In 1968, Ngũgĩ wa Thiong’o and his colleagues at the University of Nairobi called for the abolition of the English department. They attacked an enduring colonial legacy and envisioned an intellectual renaissance in Africa. Conversely, in recent years, many departments have found themselves “abolished” for another reason: the neoliberal rhetoric of financial sustainability and austerity, despite the seeming financial health of such institutions. Indeed, we have two types of institutional intervention both framed under the rhetoric of “abolition”: the first driven by the desire to liberate education from epistemological and pedagogical domination; the second, it might be claimed, by the neoliberal business model. This special edition seeks to consider the chequered history of the westernised university, to diagnose its embattled present, and to imagine its future.
In recent months, academics, non-academic staff, students and their allies across the UK, Canada, the Netherlands, Ireland, Albania, Finland, Colombia, Mexico and elsewhere, have staged protests against neoliberal reform of universities. Wendy Brown argues that the evolution of neoliberalism from a set of economic policies into mode of reason imperils not just liberal institutions but democracy itself. Education across the board is jeopardised by the corporate university model. The liberal arts face multidirectional threats, of extinction and irrelevance. Yet as Gayatri Spivak suggests, if the humanities is the ethical healthcare of society, what resources can we summon to reform, destroy, transform, or re-create the university? Or less innocently, as Bill Readings suggests, simply foster a space where academics (and students) can “work without alibis” in acknowledgement that radical possibilities are constrained by the societies in which universities are situated.
This special edition calls for a cross-disciplinary response, from the humanities and social sciences to all critical, creative and deviant positionalities. Diverse submissions are encouraged from policy reform to short stories. In particular, the edition reaches out to those who traditionally or purposefully find themselves outside the ivory towers: those not included and unassimilated.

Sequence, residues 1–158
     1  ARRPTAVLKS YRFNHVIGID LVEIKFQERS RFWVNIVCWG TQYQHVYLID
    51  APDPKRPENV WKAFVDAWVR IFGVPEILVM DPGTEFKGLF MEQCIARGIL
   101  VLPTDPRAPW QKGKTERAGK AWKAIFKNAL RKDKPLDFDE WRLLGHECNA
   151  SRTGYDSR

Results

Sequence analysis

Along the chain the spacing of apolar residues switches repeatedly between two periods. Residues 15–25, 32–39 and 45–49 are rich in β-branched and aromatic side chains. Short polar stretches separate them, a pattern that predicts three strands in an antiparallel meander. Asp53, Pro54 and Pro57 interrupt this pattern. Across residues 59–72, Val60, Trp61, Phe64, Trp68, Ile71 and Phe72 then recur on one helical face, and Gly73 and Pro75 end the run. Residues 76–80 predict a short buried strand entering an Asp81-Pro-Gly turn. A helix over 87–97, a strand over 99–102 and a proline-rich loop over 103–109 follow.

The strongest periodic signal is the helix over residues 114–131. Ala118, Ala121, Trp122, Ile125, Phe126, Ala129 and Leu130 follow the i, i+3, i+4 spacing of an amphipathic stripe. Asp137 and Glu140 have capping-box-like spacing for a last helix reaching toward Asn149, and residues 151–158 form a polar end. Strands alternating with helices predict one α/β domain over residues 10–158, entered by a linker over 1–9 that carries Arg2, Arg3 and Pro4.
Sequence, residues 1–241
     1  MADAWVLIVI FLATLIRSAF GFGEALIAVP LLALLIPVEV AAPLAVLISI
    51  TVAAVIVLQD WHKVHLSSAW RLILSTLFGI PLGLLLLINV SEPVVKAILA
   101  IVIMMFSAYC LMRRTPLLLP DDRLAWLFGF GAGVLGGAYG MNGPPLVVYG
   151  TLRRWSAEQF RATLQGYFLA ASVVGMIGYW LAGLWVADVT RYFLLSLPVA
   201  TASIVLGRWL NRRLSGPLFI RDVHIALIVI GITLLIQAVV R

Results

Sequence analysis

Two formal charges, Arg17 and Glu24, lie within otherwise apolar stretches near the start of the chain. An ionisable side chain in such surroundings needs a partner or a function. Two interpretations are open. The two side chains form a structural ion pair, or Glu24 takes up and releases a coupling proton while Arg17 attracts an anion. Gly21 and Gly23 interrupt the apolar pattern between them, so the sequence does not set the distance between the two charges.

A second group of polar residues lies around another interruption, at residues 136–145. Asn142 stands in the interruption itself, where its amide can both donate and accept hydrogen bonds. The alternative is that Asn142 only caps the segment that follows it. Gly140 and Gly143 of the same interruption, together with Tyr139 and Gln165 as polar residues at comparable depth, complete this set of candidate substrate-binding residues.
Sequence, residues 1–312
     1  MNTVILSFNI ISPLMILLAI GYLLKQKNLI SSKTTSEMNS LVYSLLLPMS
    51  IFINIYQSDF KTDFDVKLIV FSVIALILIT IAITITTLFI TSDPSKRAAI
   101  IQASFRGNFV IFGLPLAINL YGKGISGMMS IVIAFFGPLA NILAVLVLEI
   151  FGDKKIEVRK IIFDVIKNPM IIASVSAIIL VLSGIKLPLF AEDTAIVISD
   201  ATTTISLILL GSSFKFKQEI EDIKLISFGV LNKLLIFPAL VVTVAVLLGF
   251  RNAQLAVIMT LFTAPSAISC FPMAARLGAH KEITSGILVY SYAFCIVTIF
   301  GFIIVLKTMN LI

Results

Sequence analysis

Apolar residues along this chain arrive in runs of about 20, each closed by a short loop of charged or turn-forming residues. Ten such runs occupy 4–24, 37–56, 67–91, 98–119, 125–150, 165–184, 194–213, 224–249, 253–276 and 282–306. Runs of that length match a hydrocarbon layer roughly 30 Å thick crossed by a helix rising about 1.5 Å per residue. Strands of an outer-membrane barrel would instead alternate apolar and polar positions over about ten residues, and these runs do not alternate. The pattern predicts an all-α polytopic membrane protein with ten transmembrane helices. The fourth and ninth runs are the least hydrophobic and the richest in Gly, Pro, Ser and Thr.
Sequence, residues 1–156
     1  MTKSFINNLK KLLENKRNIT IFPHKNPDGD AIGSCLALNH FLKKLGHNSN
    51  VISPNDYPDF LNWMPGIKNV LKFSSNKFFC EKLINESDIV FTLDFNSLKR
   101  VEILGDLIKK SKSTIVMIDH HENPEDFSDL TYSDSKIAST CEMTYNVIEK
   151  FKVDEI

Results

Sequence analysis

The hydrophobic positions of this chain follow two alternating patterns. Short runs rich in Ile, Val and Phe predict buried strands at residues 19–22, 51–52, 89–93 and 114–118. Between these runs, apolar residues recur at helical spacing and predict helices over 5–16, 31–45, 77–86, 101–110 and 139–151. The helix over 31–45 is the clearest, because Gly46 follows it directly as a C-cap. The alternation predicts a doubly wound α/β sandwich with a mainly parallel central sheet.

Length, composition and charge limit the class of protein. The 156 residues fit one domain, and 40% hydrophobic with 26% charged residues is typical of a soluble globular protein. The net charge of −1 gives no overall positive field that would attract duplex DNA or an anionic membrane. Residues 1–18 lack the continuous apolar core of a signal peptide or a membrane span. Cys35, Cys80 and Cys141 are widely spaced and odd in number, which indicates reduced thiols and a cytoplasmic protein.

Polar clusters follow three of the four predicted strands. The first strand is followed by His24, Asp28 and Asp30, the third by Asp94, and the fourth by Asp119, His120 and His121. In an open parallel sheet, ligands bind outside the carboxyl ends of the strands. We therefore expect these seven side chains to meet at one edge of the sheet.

Contributions will be considered around (but not limited to) these themes:
- The western / imperial history of the university
- Literary / creative representations of the university
- Epistemologies / pedagogies of possibility
- Western imperial humanism and the humanities
- The co-option of postcolonial / Black / queer studies and ‘minority’ / transnational / diasporic literatures
- Education in an age of neoliberalism / neo-colonialism
- New models for higher education, including cooperatives, free schools etc.
- The pedagogy of debt
- The ‘Student As Producer’
- Accelerationism and competition in the university
- Activism: Strike / Occupy / Transform (In / Against / Beyond)
- Resistance through radical poetics / humanisms
The special collection, edited by Lou Dear (University of Glasgow, firstname.lastname@example.org) and Martin Eve (Birkbeck, University of London, email@example.com), is to be published in the Open Library of Humanities (ISSN 2056-6700). The OLH is an Andrew W. Mellon Foundation-funded open-access journal with a strong emphasis on quality peer review and a prestigious academic steering board. Unlike some open-access publications, the OLH has no author-facing charges and is instead financially supported by an international consortium of libraries.
Submissions should be made online at: https://submit.openlibhums.org/ in accordance with the author guidelines and clearly marking the entry as [“The Abolition of the University,” SPECIAL COLLECTION]. Innovative submissions that do not clearly fit the submission guidelines are welcome and we encourage authors to contact the editors to discuss this. Submissions will then undergo a double-blind peer-review process. Authors will be notified of the outcome as soon as reports are received.